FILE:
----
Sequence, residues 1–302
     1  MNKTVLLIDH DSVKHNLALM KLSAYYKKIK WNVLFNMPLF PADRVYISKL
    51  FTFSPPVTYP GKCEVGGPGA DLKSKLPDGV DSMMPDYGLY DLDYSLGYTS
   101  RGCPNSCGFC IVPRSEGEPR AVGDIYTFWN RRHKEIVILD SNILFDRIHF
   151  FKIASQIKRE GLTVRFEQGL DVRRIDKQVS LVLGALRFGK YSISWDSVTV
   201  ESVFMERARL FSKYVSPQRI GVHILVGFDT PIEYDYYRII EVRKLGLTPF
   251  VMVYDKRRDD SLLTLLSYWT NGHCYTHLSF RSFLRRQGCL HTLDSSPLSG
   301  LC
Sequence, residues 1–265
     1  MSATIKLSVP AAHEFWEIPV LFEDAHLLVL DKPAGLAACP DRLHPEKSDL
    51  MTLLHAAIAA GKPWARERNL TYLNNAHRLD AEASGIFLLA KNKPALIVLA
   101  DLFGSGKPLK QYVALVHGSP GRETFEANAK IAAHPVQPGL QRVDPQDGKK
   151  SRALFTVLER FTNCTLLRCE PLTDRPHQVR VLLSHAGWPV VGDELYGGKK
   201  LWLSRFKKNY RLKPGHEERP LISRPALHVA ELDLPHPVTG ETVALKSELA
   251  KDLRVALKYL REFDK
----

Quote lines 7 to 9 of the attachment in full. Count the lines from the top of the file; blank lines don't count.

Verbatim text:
   251  VMVYDKRRDD SLLTLLSYWT NGHCYTHLSF RSFLRRQGCL HTLDSSPLSG
   301  LC
Sequence, residues 1–265